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Google Maps' new update goes gung-ho on the Covid-19 safety features

Google Maps
Google Maps (Image credit: Shutterstock)

Google Maps has had a tough time staying relevant in a Covid-19 world, when lockdowns make navigating streets ill-advised or even illegal, and when businesses open, close or change working hours faster than the big G can update. Well, it seems Maps is trying to remedy that.

In a blog posted entitled 'Google Maps updates to get you through the holidays', the team behind Google Maps details several important additions coming to the app that are rolling out 'in the coming weeks' (from November 17).

Three of the four big new features coming soon seem designed for Covid care, keeping those in lockdown sane, and those not in lockdown safe. The fourth feature, which is only rolling out in the US, is a driving-mode for Google Assistant to help you use several phone features without taking your eyes off the road.

Covid-19 features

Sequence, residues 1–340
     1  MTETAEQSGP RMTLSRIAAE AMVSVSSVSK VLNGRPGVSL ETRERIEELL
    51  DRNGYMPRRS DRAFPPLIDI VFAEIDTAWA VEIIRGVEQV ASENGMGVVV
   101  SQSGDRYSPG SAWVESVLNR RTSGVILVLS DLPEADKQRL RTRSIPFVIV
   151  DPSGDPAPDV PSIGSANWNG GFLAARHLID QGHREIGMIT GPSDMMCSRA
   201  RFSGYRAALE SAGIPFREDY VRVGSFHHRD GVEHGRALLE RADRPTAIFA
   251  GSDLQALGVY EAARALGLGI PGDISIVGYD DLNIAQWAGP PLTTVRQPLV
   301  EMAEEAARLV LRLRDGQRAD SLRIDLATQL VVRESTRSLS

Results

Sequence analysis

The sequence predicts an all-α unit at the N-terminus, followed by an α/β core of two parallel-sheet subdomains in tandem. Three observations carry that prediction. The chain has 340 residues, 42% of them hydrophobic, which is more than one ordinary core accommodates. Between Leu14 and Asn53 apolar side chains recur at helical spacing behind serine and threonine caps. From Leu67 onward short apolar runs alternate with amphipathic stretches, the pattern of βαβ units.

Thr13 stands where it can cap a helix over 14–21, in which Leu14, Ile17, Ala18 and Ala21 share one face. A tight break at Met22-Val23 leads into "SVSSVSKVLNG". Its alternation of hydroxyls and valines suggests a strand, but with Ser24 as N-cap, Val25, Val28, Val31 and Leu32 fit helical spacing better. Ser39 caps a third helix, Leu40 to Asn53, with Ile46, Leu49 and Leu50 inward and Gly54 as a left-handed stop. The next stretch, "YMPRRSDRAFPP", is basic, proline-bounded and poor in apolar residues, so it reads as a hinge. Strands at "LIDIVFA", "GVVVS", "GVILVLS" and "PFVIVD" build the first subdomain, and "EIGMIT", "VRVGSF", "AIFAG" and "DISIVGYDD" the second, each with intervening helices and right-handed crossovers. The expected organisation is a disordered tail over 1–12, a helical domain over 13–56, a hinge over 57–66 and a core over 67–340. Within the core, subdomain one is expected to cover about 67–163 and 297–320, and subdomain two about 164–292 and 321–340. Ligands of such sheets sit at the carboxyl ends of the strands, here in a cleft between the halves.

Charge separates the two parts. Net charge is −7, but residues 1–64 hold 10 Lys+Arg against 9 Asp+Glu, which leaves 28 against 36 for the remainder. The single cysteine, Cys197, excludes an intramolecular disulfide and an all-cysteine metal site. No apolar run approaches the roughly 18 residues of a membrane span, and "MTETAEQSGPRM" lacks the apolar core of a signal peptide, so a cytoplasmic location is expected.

The first of the new features coming to Google Maps is changes to 'Covid layer', which currently tells you the increase in Covid cases on a country-by-country, or state-by-state in the US, case. Apparently, this layer will soon include 'all-time detected cases in an area', not just the current trends of a place.

In theory this layer stops you visiting areas with high infection rates, but given one 'area' in the layer is a whole country, it's not too precise.

Next is Live Takeout and Delivery Status, which will prove useful for people in lockdown who depend on delivered delicacies. This mode lets you order food from takeaways and track its status.

This feature is only coming to a few countries like the US, India, Brazil and Germany, but this mode will also let you book seats in restaurants in many more countries (if you're allowed to eat out).

Finally there's Live Transit Crowdedness, which tells you how busy a bus or train is in real time. This builds on a pre-existing Google Maps feature which predicted how busy a line would be based on its average popularity, but now the information should be live.

This will help people who want to avoid crowded carriages or buses, as they can plan around emptier options.